Le Monde article on GM potato and EFSA
BRUSSELS – More than half of the European Food Safety Authority (EFSA) panel responsible for giving the go-ahead for the approval of BASF’s genetically modified (GM) Amflora potato in 2010 had conflicts of interest, according to new research published by Corporate Europe Observatory (CEO) .
In a second letter to Corporate Europe Observatory, the European Commission defends the way in which the Ad Hoc Ethical Committee handled the move of former Commissioner Ferrero-Waldner to reinsurance company Munich Re.
The Germany-based NGO Testbiotech has today filed an official complaint with the European Ombudsman against EFSA, the EU's food safety agency. The complaint targets EFSA's decision to allow Suzy Renckens, head of EFSA'sGMO Unit, to become a lobbyist for biotech giant Syngenta, without any 'cooling off' period or other restrictions. Renckens move to become a leading lobbyist for one of the major biotech companies in Europe implies an obvious conflict of interest.
Corporate Europe Observatory (CEO) has sent a joint open letter to the European Commission to highlight concerns about "revolving doors" after the former head of the European Food Standards Agency GMO panel became a lobbyist for Syngenta. The European Food Standards Agency failed to intervene to impose a "cooling off" period before the move - which creates a clear conflict of interest.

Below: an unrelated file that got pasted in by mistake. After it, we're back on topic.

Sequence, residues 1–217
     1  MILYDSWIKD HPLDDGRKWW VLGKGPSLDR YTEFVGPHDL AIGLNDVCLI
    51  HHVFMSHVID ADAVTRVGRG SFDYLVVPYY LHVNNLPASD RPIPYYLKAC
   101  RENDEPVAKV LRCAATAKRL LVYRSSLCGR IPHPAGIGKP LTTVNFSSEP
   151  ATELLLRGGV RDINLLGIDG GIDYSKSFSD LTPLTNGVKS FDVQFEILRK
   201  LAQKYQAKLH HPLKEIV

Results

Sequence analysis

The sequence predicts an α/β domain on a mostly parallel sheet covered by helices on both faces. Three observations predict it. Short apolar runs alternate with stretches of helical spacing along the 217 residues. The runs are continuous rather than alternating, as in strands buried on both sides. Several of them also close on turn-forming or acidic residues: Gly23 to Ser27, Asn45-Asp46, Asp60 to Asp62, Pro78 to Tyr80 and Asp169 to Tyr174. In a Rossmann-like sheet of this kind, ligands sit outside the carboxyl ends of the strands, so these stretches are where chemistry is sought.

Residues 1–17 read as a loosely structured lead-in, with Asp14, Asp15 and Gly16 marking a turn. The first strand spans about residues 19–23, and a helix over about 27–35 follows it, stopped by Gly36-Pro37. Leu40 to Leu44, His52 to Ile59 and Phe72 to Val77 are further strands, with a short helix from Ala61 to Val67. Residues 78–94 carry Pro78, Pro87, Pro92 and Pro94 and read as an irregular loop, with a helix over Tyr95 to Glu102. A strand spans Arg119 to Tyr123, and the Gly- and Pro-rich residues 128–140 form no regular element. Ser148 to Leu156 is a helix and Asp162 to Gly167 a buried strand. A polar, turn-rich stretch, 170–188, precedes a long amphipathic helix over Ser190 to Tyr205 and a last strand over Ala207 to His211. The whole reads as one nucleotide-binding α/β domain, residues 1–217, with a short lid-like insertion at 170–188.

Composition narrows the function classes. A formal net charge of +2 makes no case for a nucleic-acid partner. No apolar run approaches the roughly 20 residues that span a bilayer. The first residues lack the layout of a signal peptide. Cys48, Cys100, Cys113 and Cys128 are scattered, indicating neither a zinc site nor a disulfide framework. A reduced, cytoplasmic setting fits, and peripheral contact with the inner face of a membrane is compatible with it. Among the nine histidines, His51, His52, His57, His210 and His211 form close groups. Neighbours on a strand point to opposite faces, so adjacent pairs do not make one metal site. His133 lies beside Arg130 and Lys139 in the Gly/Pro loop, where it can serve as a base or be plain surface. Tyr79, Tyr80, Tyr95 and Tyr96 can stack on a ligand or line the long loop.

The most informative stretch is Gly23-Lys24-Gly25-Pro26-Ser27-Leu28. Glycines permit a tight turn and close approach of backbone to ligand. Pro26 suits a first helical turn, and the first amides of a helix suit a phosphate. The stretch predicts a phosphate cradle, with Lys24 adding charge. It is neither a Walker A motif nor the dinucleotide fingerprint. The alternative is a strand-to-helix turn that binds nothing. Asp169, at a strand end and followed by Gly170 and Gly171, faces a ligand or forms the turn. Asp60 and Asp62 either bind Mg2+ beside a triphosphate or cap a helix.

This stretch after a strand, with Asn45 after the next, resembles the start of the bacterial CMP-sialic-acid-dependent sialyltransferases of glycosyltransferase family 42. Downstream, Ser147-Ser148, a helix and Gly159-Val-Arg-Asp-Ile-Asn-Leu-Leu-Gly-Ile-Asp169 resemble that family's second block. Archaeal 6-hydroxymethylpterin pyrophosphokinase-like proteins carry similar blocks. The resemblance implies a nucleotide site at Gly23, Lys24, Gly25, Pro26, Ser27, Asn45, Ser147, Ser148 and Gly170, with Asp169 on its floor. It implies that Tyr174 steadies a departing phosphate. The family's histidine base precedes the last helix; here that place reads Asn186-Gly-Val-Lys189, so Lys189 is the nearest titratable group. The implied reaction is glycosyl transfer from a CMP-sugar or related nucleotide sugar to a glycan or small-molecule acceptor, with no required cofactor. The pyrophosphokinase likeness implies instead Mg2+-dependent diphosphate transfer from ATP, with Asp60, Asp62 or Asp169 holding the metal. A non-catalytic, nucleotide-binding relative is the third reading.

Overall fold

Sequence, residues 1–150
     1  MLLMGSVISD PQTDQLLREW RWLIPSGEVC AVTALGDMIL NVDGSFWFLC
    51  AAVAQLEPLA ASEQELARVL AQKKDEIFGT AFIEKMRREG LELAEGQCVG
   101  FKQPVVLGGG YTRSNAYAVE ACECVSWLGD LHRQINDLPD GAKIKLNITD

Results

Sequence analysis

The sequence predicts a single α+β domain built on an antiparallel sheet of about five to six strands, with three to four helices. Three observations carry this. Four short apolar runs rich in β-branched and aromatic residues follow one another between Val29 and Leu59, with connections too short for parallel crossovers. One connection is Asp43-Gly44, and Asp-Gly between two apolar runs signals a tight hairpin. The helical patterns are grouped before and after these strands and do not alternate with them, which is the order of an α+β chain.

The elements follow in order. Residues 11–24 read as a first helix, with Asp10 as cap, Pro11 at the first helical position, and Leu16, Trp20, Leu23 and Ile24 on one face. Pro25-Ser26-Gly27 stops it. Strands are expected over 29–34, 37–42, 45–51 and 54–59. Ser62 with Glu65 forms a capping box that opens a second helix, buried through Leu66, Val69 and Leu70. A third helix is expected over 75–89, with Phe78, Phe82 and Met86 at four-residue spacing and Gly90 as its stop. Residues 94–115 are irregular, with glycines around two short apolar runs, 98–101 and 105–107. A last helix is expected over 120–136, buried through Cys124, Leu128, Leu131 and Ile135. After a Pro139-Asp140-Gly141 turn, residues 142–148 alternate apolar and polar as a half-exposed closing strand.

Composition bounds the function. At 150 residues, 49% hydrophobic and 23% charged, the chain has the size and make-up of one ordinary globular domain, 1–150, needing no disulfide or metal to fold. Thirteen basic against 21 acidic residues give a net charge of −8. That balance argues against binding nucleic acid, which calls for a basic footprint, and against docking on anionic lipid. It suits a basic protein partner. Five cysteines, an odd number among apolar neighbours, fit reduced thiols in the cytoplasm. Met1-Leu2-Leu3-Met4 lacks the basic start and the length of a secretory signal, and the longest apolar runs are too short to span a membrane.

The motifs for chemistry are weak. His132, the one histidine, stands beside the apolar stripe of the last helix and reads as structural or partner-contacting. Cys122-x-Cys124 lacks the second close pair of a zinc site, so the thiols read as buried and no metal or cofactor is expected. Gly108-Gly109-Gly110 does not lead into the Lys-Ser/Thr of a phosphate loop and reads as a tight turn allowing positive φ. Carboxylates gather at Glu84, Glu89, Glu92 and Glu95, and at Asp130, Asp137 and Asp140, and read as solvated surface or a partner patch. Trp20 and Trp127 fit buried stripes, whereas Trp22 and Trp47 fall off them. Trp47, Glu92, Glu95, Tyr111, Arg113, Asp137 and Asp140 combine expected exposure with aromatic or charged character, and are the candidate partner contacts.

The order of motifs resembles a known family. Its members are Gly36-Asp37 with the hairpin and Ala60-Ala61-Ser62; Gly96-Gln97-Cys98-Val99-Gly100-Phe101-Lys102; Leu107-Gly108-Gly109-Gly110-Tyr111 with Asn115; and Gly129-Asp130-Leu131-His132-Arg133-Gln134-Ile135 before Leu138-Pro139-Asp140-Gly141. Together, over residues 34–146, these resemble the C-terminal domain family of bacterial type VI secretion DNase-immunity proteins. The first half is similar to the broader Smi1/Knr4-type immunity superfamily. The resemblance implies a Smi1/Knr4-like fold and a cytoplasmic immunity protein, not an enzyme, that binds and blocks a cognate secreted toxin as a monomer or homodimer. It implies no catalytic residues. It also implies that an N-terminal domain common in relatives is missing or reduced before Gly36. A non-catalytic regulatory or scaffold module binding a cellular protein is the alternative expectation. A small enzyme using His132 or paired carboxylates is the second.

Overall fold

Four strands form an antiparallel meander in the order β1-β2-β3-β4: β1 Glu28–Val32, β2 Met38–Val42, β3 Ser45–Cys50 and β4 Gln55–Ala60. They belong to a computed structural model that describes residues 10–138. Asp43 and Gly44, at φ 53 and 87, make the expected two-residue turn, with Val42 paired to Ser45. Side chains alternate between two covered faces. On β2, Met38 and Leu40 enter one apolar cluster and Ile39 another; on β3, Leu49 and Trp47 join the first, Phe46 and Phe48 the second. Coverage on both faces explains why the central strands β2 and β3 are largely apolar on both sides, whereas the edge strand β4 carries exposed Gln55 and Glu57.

For the first time, the European Food Safety Authority (EFSA) has admitted that it did not take the necessary action to stop revolving doors. EFSA has stated that “regrettably” the authority did not follow up the relevant information. Further, the authority acknowledges that it has strengthened internal rules in response.
Corporate Europe Observatory
Corporate Europe Observatory (CEO) is a research and campaign group working to expose and challenge the privileged access and influence enjoyed by corporations and their lobby groups in EU policy making.